Christian Liberty 101: Romans 14-15
“1) Now accept the one who is weak in faith, but not for the purpose of passing judgment on his opinions. 2) One person has faith that he may eat all things, but he who is weak eats vegetables only. 3) The one who eats is not to regard with contempt the one who does not eat, and the one who does not eat is not to judge the one who eats, for God has accepted him. 4) Who are you to judge the servant of another? To his own master he stands or falls; and he will stand, for the Lord is able to make him stand. 5) One person regards one day above another, another regards every day alike. Each person must be fully convinced in his own mind. 6) He who observes the day, observes it for the Lord, and he who eats, does so for the Lord, for he gives thanks to God; and he who eats not, for the Lord he does not eat, and gives thanks to God.” Romans‬ ‭14‬:‭1‬-‭6‬ ‭
Let’s take a moment and talk about personal liberty “in Christ.” This was very important in the early body of Christ that was made up of both Jewish and Gentile believers.
As you can imagined, radically different cultures and religious traditions clashed in the early church. Let’s briefly examine some of the more common areas of potential clash over personal liberties.
Dress: (Formal or casual) Diet: (Veggies or meats) Drink: (Wine and coffee or water) Schedule (Saturday or Sunday worship) Spiritual disciplines: (Fasting and alms giving) Bible versions: (King James or other translation) Doctrinal Views: (Calvinism vs Arminian; dispensationalism vs covenant theology) Views of the end times: (pre-trib Vs mid-trib Vs post-trib Vs a-mil) Forms of worship: (liturgical vs casual) Music style: (Hymns vs contemporary)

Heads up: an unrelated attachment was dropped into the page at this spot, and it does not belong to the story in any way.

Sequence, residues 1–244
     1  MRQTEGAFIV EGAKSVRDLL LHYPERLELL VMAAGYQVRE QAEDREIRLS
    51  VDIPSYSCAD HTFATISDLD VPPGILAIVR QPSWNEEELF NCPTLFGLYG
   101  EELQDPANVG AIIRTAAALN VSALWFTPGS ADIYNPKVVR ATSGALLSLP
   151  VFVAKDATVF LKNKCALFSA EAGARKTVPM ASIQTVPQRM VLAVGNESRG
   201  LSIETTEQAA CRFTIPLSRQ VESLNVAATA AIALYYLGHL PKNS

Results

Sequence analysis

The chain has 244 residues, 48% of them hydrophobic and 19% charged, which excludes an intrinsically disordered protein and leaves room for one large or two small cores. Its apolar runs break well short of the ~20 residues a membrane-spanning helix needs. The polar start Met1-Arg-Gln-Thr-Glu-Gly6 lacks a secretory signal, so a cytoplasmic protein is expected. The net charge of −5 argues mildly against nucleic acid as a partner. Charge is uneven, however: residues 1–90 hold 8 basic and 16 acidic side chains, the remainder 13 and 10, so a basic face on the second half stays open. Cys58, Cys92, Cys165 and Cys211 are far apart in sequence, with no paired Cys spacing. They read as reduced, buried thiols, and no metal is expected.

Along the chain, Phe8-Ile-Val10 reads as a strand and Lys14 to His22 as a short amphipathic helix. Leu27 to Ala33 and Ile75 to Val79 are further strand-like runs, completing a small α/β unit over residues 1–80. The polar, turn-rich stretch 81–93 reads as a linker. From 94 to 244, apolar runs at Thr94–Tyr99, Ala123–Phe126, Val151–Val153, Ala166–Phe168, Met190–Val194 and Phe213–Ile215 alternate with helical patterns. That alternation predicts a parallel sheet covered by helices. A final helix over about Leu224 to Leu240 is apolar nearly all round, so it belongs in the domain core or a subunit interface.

As you can see at a glance, Christian living and expressions of faith have a wide spectrum of what can fall within the bounds of biblical Christianity. The above list applies to area’s that come under a discussion of “Christian liberties.”
So what is the difference between freedom “in” Christ and Christian liberties? Let me provide a basic explanation that distinguishes them from each other:
Freedom relates to breaking the grip of sinful bondage, addictions or strongholds that are clearly defined as sin in the Bible.
Personal liberties apply to non-moral area’s that are not classified as sin in the Bible.
Though the English words of “freedom” and “liberty” sound similar, theologically they carry very different meanings. Below are five characteristics of Christian liberty that may help you build bridges rather than walls between yourself and fellow believers.
First: Personal liberties provide ample opportunity to exercise agape love toward those with different views in the above areas.
Second: Personal liberties must not be applied in such a way as to water down the gospel or the solid preaching of the Word of God.
Third: Personal liberties should not become a standard of spirituality or a basis for judging one another.
Forth: Personal liberties provides for significant cultural diversity without pressure toward conformity.
Fifth: Personal liberties must not be embraced or calcified in such a way as to reject or shun fellow believers.
With this basic understanding of Christian liberty, I encourage you to study Romans 14-15 and come up with valuable principles and applications for this subject. It has empowered me to work both interdenominational and internationally within the body of Christ. It has also enabled me to value, embrace, appreciate and celebrate cultural differences with the body of Christ.
Daily Bible Commentary By Terry Baxter: Cofounder of GoServ Global